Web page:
01 September 2011

Recognition and trust: Alive and well in the recruitment agency world

In the world of agency recruitment, it's very rare that a recruiter or a leader can land the trifecta of leaving at the top of their game, leaving on their own terms and leaving with a level of acknowledgement and recognition appropriate for their contribution to their colleagues and employer. 

When I left the company I had been employed at for just over ten years, I did so in awkward circumstances. After a turbulent relationship with my new boss, I reached a point where I asked him to ‘back me or sack me' and he chose to do neither. Although I chose to resign, I was put in an untenable situation that left me with little choice if I was going to be true to my values.  

As one of the highest billing consultants and most successful leaders in the company's short history, I had clearly delivered many years of very profitable results for my employer.  

Given the circumstances of my resignation, I wasn't expecting the company to put on a grand farewell event but even my very modest expectations were not met.  

It was an incredibly disappointing way to finish what had been, for 99% of my ten years and six months of employment, a wonderful experience.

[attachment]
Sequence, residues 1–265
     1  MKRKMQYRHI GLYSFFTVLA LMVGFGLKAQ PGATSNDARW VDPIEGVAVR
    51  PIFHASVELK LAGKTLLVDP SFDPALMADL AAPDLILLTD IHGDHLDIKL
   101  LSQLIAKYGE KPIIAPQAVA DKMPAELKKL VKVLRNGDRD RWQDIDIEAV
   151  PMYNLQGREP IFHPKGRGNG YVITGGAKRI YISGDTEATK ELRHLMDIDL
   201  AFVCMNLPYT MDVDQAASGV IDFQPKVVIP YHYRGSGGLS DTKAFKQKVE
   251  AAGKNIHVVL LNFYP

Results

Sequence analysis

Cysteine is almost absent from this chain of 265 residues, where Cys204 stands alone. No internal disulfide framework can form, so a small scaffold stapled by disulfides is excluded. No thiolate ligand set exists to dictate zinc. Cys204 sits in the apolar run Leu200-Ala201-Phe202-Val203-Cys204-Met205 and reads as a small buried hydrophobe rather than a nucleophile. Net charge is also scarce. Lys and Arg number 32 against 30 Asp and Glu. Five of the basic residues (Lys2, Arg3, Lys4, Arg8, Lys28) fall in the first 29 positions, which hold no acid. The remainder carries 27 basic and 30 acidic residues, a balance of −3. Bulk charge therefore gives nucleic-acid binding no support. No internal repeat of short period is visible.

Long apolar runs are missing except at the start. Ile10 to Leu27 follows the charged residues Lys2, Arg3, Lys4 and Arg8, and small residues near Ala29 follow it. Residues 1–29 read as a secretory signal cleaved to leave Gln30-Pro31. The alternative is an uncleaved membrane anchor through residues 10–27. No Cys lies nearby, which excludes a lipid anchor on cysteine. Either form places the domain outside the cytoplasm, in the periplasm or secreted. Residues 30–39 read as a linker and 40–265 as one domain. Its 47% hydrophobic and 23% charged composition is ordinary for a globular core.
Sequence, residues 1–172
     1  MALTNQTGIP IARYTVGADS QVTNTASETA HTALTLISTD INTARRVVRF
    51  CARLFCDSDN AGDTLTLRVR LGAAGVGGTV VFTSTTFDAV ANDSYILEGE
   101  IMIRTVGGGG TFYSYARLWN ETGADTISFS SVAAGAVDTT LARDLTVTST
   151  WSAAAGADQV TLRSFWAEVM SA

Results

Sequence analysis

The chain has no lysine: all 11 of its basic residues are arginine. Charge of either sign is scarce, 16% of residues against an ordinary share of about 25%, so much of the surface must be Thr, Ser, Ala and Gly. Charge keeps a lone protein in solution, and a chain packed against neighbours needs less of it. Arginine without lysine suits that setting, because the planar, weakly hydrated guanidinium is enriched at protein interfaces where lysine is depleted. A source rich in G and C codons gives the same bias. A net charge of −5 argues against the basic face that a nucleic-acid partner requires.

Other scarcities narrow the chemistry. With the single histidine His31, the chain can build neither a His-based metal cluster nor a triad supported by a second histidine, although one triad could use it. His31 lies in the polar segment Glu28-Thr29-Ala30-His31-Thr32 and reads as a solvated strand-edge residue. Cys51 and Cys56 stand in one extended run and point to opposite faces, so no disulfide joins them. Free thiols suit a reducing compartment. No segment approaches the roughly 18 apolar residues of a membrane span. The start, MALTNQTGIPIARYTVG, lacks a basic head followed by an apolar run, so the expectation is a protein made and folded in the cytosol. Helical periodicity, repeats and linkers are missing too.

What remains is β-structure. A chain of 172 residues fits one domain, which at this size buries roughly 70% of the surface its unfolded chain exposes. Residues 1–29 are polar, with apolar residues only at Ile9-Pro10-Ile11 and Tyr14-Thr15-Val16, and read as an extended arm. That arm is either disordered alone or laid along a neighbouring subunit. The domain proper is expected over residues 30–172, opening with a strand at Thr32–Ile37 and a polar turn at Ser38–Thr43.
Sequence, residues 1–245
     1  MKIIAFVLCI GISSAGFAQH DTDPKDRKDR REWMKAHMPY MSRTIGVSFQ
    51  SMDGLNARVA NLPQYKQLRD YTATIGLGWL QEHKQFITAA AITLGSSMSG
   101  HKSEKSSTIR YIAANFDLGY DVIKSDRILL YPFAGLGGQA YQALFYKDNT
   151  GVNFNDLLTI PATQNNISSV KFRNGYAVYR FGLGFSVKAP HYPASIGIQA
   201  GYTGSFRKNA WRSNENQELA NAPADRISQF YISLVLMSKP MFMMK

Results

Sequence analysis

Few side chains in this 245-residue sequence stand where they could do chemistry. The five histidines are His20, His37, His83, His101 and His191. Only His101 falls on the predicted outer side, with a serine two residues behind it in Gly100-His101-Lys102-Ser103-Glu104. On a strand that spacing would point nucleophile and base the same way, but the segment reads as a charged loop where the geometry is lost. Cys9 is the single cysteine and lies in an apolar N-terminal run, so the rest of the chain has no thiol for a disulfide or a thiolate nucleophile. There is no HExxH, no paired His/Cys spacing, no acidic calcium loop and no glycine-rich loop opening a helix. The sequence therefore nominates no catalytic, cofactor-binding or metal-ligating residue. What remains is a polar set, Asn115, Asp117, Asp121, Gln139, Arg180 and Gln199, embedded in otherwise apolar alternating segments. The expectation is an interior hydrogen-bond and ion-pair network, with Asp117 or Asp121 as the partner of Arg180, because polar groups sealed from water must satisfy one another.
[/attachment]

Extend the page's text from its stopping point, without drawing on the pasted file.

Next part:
Of course, as I have since discovered, my experience is very common in the recruitment agency world. In such a results-driven and ego-fuelled sector, the departing employee who has either ‘failed' in some way or is leaving to take a position with a competitor, rarely experiences a dignified and appropriate departure.  

Having said this, I was very happy to hear, last week, of a completely opposite experience. Earlier this month, my former colleague and close friend, Nicole Underwood, resigned from her role as General Manager of Entrée Recruitment in Adelaide.  

Nicole established Entrée just over ten years ago as a separate division of Hender Consulting. Nicole built the Entrée brand into a premium one in the Adelaide middle market. Over the past decade, Nicole has provided both outstanding leadership to her team and excellent financial results for her employer. 

Although Nicole's employer, Mark Hender, was obviously disappointed to receive her resignation, during her notice period he provided Nicole with the respect her contribution deserved. 

More importantly, at Nicole's leaving drinks, in front of the many assembled Hender employees, Mark provided a warm, humourous and generous tribute to Nicole's ten years of outstanding achievement while in his employ. 

Well done Mark for the way in which you have ensured that Nicole has treasured memories of her entire employment at Entrée. Mark's maturity, decency and thoughtfulness has provided Nicole with the farewell she deserved. And one which many other similarly deserving employees throughout the recruitment industry rarely get to experience. 

In this day and age of instant communication and high employer brand awareness, the exit of any employee, regardless of the circumstances, deserves just as much thought and attention as their induction.

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